You look at the Golden Valley project. There's a project that, in Canyon Country, (which) most desperately needs a Target, a Kohl's, upscale sporting good stores, great restaurants — we're also going to have almost 900 acres of open space in public ownership now that wouldn't have been that way if it had gone through the county (approval process). Plus another $1.5 million in sales tax revenue that (otherwise would have gone) to the county that went to us.
    I see us as environmentalists, but unfortunately most environmentalists, their bent is, don't develop ever. I just have a different feel, that people have property-owner rights, that people have the ability to do a smart project. Give our staff the ability to see what that is, and give people the ability to do something as long as it's responsibility done.

Signal: So will we see Frank Ferry run for City Council on his own, or will you be running together with Weste and McLean as a slate?

Ferry: You know, honestly, I will always say positive things about Councilwomen McLean and Weste, and I will throughout the campaign. What I have done the past three campaigns, and I will probably do this time — I usually want to run as Frank Ferry. I want to stand on what I have done the past eight years, and what I want to do.
    And I also (know) it's political. When I run, there are people who want to vote for Council Member Weste, Council Member McLean and not Frank Ferry, or they will want Frank Ferry and not one of the other two. So you want to play to the people who support you without offending them because you are now a package deal.
    I encourage Mayor Weste and Mayor Pro Tem McLean to go out there, run vigorously, get your support base and win without maybe me dragging you down or visa-versa. So we all run on our own merits, but together we take center field because that's what our city is.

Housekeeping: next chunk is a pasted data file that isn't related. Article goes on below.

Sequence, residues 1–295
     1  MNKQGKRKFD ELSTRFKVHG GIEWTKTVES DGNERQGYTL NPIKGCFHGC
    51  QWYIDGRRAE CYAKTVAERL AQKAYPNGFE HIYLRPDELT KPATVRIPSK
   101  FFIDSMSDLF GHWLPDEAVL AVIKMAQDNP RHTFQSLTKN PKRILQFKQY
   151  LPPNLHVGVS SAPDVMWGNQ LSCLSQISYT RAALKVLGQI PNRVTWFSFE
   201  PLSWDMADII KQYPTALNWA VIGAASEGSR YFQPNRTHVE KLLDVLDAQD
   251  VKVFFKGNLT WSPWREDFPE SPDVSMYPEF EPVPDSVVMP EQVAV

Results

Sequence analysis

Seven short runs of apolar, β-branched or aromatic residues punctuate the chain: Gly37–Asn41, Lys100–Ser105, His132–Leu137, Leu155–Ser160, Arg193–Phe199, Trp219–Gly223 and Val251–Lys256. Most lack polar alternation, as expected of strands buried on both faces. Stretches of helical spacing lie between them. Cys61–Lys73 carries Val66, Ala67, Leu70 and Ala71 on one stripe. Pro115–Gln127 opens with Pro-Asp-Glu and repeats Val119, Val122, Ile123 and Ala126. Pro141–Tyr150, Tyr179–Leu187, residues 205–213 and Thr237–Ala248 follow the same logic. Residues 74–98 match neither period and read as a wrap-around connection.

Signal: You've already raised $95,000 for this election.

Ferry: Correct.

Signal: You don't need to raise one more dime between now and election day.

Ferry: Nope.

Signal: It's by far the most money anybody has raised to run for City Council in Santa Clarita.

Ferry: Last time I thought I raised about $90,000 (or) $95,000, and I said basically I was going to raise the same; I stopped—

Signal: Do you need $95,000 to run for City Council?

Ferry: You do. People still think — this goes back to (the question), are we still the community we were 18 years ago? And the answer is no. We are the fourth largest city in the county. You have 170,000 residents; (there have been) 24 (or) 25 successful annexations come in. There are many new people who are now residents that weren't residents when I ran four years ago. You have to contact those individuals.
    People don't understand that putting out a mailer to 12,000 households costs you $7,000. To do a absentee program could cost you up to $30,000. To do your signs is 5,000. If you want to be a credible candidate — and that means one who plans on winning and representing this community — you have to raise money to be successful.
    Many people will run and raise no money. Well, they are not going to be successful. Because you just can't communicate what you want to everyone.

Signal: You know how to run a campaign; you walked into town and ran an absentee campaign that blew everybody away. What is your background in politics?